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Haptic Interface Will Control Lunar Robot from Space Station


Astronaut Luca Parmitano operates a robotic avatar from the International Space Station

Astronaut Luca Parmitano operates the 'lunar rover' robot from onboard the International Space Station during the Analog-1 mission.

Credit: ESA, NASA

Astronauts in orbit could soon be using robots to explore lunar or planetary surfaces without having to expose themselves to the extraterrestrial environment. In a paper published in Open Astronomy, Kjetil Wormnes and colleagues based at the European Space Agency (ESA) present a simulated geological exploration mission in which astronauts in the International Space Station obtained direct haptic feedback from robots that they control on the ground, "feeling" objects that they manipulate.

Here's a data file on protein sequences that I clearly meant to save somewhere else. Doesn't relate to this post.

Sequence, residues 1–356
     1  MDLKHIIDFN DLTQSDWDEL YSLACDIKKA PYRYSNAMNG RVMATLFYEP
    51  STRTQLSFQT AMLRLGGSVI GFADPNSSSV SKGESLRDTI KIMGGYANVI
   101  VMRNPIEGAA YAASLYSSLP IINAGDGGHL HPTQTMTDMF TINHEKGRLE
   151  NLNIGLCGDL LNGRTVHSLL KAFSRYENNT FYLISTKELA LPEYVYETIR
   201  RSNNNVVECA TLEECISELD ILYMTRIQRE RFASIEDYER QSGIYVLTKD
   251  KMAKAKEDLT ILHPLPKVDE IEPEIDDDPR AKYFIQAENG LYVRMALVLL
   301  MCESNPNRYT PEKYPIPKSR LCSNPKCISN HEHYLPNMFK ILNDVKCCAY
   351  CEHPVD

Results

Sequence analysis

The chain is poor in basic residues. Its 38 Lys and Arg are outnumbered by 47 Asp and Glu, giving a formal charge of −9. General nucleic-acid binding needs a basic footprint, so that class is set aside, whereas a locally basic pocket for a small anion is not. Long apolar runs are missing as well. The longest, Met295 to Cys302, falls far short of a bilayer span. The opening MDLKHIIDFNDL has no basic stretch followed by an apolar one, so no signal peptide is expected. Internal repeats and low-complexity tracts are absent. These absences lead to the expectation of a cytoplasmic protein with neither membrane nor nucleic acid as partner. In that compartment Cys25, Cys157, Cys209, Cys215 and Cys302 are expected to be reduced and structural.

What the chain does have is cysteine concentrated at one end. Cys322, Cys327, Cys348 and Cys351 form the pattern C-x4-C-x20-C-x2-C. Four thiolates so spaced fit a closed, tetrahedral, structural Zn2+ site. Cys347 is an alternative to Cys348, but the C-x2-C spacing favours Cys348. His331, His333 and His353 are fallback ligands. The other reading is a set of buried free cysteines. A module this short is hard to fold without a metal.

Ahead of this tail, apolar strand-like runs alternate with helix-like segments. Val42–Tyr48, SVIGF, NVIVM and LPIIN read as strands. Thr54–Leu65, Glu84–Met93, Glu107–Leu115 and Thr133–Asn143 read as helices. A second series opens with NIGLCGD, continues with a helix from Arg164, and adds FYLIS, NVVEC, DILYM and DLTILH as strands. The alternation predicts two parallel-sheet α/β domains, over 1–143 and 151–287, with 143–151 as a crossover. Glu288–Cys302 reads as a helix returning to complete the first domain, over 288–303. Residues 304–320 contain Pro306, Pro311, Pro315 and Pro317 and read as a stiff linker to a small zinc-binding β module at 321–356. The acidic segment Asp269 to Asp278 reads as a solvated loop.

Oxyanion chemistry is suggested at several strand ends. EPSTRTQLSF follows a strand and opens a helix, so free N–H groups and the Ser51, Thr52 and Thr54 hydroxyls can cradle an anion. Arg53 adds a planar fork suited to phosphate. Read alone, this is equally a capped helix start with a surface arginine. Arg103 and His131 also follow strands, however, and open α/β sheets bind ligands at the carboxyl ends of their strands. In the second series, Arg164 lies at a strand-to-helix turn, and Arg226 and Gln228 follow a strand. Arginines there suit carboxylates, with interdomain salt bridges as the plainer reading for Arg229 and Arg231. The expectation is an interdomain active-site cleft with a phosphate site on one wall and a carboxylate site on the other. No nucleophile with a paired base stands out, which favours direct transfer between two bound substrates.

The Analog-1 mission described in the paper involved an astronaut on the International Space Station controlling a robot roving around an artificial lunar landscape that had been set up in an old aircraft hanger at the ESA's technology center in the Netherlands. The robot's task was to select, investigate, and store rock samples.

The experiments proved that astronaut Luca Parmitano could control the robot's arm as it moved through three translational and three rotational degrees of freedom, and that the forces it 'felt' were transmitted back to him. Through haptic feedback, Parmitano was able to sense the weight of rock samples on the ground as the robot picked them up and manipulated them.

From De Gruyter
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